Oliver Planz focuses on Virus, Virology, Viral replication, Influenza A virus and Kinase. His Virus study incorporates themes from Cell culture and IκB kinase, Transcription factor. His Cell culture research includes themes of Cell signaling, Signal transduction and MEK inhibitor.
The study incorporates disciplines such as Acquired immune system, Cellular functions, Immunology, NF-κB and Host in addition to Virology. His Viral replication research includes elements of Nuclear export signal, Apoptosis, Intracellular and MAPK/ERK pathway. His Influenza A virus study integrates concerns from other disciplines, such as Influenza A virus subtype H5N1, Caspase, Molecular biology and Cell biology.
The scientist’s investigation covers issues in Virology, Virus, Influenza A virus, Immunology and Viral replication. Oliver Planz does research in Virology, focusing on Influenza A virus subtype H5N1 specifically. His Virus research incorporates elements of MEK inhibitor, MAPK/ERK pathway, Antigen and Immune system.
Oliver Planz has included themes like Hemagglutinin, Avian Influenza A Virus and Vaccination in his Influenza A virus study. His Viral replication research is multidisciplinary, relying on both Nuclear export signal and Signal transduction. His work is dedicated to discovering how Borna disease, CD8 are connected with Cytotoxic T cell and other disciplines.
Oliver Planz mostly deals with Virology, Virus, MEK inhibitor, Influenza A virus and Pharmacology. His Virology research is multidisciplinary, incorporating perspectives in Antibody, Immunization and Immunity. Oliver Planz focuses mostly in the field of Virus, narrowing it down to matters related to In vitro and, in some cases, Titer.
His MEK inhibitor study combines topics in areas such as A549 cell and In vivo. His research in Influenza A virus tackles topics such as Microbiology which are related to areas like Infection control. Oliver Planz interconnects Nuclear export signal, Melanoma, Cell signaling and Trametinib in the investigation of issues within Viral replication.
His main research concerns Influenza A virus, Major histocompatibility complex, MHC class I, In vivo and Virus. There are a combination of areas like Population and Standard treatment integrated together with his Influenza A virus study. Oliver Planz combines subjects such as T cell, Computational biology, Transfection and Molecular biology with his study of MHC class I.
His In vivo study combines topics from a wide range of disciplines, such as Virology, MEK inhibitor, Melanoma, Trametinib and Viral replication. His Virology study integrates concerns from other disciplines, such as In vitro and Immunology. Oliver Planz connects Virus with Placebo in his research.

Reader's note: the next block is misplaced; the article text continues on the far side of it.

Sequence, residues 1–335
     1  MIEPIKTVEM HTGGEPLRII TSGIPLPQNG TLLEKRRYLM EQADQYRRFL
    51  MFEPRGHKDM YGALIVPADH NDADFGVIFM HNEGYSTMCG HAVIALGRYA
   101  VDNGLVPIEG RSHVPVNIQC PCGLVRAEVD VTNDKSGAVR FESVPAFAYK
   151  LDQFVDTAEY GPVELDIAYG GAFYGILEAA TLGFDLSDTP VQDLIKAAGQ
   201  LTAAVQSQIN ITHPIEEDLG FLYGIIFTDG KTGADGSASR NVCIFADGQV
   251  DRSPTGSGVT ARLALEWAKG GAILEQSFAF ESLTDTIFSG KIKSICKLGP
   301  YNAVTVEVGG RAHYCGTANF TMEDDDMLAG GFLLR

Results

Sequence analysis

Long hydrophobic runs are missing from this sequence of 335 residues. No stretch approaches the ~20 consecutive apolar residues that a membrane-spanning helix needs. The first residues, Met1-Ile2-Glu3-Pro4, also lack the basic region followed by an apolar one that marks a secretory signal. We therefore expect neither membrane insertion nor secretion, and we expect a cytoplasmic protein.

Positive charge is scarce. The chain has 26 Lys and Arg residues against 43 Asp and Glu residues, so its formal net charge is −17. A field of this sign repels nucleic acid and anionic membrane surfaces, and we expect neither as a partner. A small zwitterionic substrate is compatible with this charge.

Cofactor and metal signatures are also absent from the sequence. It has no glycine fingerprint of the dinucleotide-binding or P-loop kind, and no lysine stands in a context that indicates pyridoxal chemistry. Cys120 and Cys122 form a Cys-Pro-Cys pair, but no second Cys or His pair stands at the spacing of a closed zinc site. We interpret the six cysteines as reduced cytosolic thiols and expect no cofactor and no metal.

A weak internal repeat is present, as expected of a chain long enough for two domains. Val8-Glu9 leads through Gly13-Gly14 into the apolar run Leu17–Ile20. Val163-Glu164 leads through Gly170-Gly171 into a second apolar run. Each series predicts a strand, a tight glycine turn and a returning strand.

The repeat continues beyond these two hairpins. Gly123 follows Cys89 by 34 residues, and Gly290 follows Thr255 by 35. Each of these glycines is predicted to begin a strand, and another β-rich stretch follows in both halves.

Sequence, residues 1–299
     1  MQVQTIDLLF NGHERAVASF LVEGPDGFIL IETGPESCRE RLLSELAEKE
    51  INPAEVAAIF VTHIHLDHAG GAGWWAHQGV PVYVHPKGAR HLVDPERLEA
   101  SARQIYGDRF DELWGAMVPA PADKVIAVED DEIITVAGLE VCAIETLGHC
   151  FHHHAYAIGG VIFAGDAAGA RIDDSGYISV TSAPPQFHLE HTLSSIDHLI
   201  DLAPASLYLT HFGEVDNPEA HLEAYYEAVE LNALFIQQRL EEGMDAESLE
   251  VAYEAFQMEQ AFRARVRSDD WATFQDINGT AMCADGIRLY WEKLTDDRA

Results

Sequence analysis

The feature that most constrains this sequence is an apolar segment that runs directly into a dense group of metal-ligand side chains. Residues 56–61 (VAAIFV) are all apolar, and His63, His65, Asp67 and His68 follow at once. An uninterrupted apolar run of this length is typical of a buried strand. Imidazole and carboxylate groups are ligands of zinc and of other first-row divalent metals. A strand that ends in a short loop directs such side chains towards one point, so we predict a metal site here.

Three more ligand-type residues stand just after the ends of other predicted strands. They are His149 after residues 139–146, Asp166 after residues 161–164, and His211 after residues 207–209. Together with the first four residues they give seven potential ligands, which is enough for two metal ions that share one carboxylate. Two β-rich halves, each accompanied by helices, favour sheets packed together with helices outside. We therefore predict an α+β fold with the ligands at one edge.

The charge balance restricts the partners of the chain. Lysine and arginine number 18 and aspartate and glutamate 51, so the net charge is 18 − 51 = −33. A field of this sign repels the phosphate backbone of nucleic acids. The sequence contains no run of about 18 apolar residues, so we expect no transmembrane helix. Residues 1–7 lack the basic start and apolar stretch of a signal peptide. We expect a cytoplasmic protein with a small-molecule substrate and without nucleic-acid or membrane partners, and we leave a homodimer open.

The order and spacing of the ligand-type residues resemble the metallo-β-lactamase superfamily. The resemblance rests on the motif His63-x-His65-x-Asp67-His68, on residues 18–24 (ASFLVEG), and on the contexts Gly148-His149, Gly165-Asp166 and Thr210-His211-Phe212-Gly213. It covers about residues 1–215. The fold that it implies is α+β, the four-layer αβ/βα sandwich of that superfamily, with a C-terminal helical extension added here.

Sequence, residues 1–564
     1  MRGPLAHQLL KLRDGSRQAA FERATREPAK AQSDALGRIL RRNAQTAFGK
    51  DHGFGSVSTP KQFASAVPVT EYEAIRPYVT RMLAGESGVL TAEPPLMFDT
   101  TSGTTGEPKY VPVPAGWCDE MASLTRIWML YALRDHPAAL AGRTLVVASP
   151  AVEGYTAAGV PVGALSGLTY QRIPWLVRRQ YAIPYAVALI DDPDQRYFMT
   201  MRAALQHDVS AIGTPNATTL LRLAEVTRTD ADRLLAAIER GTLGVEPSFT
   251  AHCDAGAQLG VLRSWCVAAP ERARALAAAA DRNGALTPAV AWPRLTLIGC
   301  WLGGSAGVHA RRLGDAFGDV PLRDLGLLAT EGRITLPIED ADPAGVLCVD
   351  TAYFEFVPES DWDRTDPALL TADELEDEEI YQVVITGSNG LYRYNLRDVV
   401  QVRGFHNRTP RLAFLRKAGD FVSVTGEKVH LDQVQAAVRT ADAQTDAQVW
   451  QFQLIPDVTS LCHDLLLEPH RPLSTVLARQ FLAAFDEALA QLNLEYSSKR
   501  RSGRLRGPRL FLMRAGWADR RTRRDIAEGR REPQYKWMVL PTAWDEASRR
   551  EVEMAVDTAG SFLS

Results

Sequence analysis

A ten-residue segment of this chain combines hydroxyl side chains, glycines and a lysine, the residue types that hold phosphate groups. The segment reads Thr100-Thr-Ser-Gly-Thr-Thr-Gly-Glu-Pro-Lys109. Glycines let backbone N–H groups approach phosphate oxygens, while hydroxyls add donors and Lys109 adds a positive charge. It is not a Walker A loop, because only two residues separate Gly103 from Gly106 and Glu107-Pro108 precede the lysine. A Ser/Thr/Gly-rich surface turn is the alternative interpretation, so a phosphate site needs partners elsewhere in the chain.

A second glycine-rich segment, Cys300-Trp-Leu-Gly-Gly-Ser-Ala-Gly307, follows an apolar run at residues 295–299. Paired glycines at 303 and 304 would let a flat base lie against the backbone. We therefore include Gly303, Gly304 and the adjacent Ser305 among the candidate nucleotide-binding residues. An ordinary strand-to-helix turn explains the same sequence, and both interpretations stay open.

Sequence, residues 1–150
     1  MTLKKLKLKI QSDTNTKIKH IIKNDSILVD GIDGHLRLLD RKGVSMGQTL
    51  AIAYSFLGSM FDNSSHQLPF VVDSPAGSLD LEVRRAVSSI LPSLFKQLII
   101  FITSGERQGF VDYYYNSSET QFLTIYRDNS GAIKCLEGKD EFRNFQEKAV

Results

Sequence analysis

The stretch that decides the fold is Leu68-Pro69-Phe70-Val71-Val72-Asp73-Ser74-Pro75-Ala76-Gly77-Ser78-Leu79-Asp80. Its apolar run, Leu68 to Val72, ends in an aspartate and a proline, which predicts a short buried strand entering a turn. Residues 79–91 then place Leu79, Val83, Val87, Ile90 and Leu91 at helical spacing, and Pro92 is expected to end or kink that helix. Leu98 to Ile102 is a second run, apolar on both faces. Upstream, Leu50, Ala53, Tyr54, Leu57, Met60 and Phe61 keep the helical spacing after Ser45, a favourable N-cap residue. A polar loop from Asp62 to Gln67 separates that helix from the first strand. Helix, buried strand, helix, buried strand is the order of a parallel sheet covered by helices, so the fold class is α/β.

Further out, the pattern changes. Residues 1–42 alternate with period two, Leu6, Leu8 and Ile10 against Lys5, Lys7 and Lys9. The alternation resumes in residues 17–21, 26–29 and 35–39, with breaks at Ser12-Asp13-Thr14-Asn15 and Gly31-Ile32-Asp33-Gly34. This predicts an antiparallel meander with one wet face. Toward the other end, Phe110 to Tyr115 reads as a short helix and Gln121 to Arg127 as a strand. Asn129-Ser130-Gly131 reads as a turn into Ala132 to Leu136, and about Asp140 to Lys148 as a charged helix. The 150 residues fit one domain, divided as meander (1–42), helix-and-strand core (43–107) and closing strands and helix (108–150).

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The viral polymerase mediates adaptation of an avian influenza virus to a mammalian host
G. Gabriel;B. Dauber;T. Wolff;Oliver Planz.
Proceedings of the National Academy of Sciences of the United States of America (2005)
Influenza virus propagation is impaired by inhibition of the Raf/MEK/ERK signalling cascade
Stephan Pleschka;Thorsten Wolff;Christina Ehrhardt;Gerd Hobom.
Nature Cell Biology (2001)
Caspase 3 activation is essential for efficient influenza virus propagation
Walter J. Wurzer;Oliver Planz;Christina Ehrhardt;Martin Giner.
The EMBO Journal (2003)
Influenza A Virus NS1 Protein Activates the PI3K/Akt Pathway To Mediate Antiapoptotic Signaling Responses
Christina Ehrhardt;Thorsten Wolff;Stephan Pleschka;Oliver Planz.
Journal of Virology (2007)
A critical role for neutralizing-antibody-producing B cells, CD4(+) T cells, and interferons in persistent and acute infections of mice with lymphocytic choriomeningitis virus: implications for adoptive immunotherapy of virus carriers
Oliver Planz;Stephan Ehl;Esther Furrer;Edit Horvath.
Proceedings of the National Academy of Sciences of the United States of America (1997)
NF-κB-dependent Induction of Tumor Necrosis Factor-related Apoptosis-inducing Ligand (TRAIL) and Fas/FasL Is Crucial for Efficient Influenza Virus Propagation
Walter J. Wurzer;Christina Ehrhardt;Stephan Pleschka;Friederike Berberich-Siebelt.
Journal of Biological Chemistry (2004)
Bivalent role of the phosphatidylinositol-3-kinase (PI3K) during influenza virus infection and host cell defence.
Christina Ehrhardt;Henju Marjuki;Thorsten Wolff;Bernd Nürnberg.
Cellular Microbiology (2006)
Ringing the alarm bells: signalling and apoptosis in influenza virus infected cells
Stephan Ludwig;Stephan Pleschka;Oliver Planz;Thorsten Wolff.
Cellular Microbiology (2006)
The Influenza A Virus NS1 Protein Inhibits Activation of Jun N-Terminal Kinase and AP-1 Transcription Factors
Stephan Ludwig;Xiuyan Wang;Christina Ehrhardt;Hongyong Zheng.
Journal of Virology (2002)
Influenza-virus-induced signaling cascades: targets for antiviral therapy?
Stephan Ludwig;Oliver Planz;Stephan Pleschka;Thorsten Wolff.
Trends in Molecular Medicine (2003)
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